Thursday, 31 May 2018

Homemade elderflower cordial


My latest pastime is to go into the garden every morning to appreciate my new vegetable patch, and enjoy all the plants and flowers that the season is bringing.

One of the drinks I enjoy most over Spring and Summer is elderflower pressé. I was blessed to buy a place where an elderflower tree came as part of the package.
Last weekend lots of flower-heads came through. Excited as a child, I picked some of them to make my first batch of elderflower cordial of the year. It’s easy and satisfying. I adopted and adapted a recipe from River Cottage which I’ve been using for many years now.

Elderflower and elderberry are the two gifts the trees in my garden give me every year. Hopefully, I will be sharing the elderberry recipe later on in the season.

In the meantime, if you can manage to pick some elderflowers, do make yourself a lovely cordial. Besides being tasty, it has lots of beneficial properties.

    
Elderflower tree.
Elderflowers.
Add some lemon zest...
...and boiling water. Let infuse overnight.
My homemade elderflower cordial.

Homemade elderflower cordial (recipe adapted from River Cottage’s)
Makes about 1.5 litre

This cordial is very versatile. You can use it as a refreshing cold drink with still or sparkling water; poured into a champagne or prosecco glass; as ice-lollies or jelly (see here); for using in icing for cakes or cupcakes; added to fruit salad; or however else it takes your fancy.

I use a lot less sugar then it is normally asked for in recipes. So, below I give you the option.

Ingredients

About 20-25 elderflower heads
Finely grated zest of 3 unwaxed lemons, plus their juice
600g- 1kg sugar


Method

 
Check the elderflower heads carefully and remove any insects. Place the flowers in a large bowl together with the lemon zest.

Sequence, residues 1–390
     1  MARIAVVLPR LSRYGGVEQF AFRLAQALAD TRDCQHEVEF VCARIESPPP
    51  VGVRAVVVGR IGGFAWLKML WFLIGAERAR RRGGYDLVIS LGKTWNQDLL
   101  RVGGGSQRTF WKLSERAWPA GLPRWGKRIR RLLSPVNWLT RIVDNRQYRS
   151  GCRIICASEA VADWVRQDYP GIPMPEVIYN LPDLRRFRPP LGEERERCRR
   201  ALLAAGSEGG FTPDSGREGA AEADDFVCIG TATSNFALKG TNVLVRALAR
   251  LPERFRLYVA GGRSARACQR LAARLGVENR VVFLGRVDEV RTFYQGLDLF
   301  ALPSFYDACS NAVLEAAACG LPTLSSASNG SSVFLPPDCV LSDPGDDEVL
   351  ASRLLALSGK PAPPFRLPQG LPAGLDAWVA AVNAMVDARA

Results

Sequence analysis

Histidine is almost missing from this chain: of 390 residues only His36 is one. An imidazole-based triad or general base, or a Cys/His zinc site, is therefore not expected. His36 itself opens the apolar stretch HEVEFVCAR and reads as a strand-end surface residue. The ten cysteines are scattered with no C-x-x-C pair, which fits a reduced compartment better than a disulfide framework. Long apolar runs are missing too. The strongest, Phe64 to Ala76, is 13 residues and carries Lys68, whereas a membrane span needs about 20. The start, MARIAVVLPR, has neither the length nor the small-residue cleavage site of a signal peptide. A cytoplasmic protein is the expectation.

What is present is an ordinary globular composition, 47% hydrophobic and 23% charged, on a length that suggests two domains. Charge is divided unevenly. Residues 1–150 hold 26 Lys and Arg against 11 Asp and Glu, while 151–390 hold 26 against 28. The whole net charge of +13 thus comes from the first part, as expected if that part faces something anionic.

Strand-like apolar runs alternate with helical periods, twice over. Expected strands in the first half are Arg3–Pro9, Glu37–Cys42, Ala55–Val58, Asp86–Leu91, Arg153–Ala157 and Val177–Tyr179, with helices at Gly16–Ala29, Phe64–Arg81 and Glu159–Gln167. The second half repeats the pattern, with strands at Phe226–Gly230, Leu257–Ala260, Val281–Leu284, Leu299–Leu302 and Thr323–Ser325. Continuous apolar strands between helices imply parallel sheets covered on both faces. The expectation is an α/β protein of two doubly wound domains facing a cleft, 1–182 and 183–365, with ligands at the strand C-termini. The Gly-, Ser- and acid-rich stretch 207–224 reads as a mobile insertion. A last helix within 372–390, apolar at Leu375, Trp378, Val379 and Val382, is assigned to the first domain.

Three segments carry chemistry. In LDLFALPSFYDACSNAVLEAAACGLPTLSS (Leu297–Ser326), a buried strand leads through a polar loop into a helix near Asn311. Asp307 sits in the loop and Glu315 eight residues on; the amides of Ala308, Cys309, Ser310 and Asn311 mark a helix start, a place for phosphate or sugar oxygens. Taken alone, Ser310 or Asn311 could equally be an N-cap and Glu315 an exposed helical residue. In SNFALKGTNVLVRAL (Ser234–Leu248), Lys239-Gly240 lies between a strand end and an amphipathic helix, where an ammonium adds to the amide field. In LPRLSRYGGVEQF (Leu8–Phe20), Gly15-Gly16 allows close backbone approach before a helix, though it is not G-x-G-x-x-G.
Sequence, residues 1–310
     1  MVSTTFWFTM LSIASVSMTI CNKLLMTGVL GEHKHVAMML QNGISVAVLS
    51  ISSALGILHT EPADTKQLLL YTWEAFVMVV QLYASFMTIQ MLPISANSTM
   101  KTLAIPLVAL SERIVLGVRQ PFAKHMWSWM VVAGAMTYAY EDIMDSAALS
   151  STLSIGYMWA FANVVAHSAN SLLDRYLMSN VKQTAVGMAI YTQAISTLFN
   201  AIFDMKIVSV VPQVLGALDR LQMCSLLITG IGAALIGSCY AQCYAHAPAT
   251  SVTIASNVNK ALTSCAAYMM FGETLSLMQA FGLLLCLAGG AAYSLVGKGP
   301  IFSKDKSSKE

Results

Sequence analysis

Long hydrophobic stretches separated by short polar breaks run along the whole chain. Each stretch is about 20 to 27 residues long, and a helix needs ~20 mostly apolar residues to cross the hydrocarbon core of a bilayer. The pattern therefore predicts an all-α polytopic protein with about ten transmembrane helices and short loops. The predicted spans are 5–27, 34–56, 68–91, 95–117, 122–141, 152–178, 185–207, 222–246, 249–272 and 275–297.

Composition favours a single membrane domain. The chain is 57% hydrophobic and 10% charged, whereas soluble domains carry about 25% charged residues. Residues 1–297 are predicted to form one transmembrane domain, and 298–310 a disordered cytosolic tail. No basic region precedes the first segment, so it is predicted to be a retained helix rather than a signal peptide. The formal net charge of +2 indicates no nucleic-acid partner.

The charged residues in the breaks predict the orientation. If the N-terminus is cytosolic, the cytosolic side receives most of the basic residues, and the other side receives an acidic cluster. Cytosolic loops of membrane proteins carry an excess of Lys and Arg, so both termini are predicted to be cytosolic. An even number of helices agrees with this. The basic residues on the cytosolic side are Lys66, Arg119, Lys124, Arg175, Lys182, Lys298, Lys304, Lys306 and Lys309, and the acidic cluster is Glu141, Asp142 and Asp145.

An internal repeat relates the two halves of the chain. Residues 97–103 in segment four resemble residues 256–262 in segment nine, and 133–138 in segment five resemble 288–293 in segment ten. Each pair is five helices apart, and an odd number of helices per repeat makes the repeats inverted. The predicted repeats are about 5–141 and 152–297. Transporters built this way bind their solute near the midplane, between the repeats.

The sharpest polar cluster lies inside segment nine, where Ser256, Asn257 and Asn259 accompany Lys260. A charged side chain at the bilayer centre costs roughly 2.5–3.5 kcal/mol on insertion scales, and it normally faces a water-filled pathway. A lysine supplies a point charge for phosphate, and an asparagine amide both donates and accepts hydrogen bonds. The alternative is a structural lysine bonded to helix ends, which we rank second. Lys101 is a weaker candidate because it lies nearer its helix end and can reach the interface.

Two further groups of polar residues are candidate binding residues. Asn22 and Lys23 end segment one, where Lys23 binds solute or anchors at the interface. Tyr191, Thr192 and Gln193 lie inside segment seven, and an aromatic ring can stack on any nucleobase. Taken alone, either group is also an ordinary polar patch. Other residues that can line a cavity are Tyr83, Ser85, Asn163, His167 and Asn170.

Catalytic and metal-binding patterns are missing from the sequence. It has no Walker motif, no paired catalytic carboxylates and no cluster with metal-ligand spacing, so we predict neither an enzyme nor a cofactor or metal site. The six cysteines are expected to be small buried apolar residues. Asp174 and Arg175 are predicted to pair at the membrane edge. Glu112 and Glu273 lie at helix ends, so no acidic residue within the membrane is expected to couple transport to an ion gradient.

Bring 1.5 litres of water to the boil and pour over the elderflowers and lemon zest. Cover and leave to infuse overnight.


The next day, strain the liquid through a sterilized bag or piece of muslin, and pour into a saucepan. Add the sugar and the lemon juice.


Heat it gently to dissolve the sugar, then bring to a simmer and cook for a couple of minutes.


Use a funnel to pour the hot syrup into sterilised bottles. Seal the bottles with swing-top lids, sterilised screw-tops or corks.


A healthy note: Elderflower (Sambucus) has been used in traditional medicine, in many different cultures, for its anti-inflammatory, antibacterial and antiseptic properties. Rich in bioflavonoids.
Studies have shown that elderflower can be used for the treatment of colds &flu. It is a great diaphoretic (makes you sweat).
Elderflower has also been shown to soothe irritated sinus and mucus membranes, alleviating the symptoms of sinusitis and bronchitis. It is used in treatment for people with diabetes as it reduces blood sugar levels. For those suffering with constipation, elderflower can help relieve the symptoms due to its diuretic and laxative properties.

Till next week!
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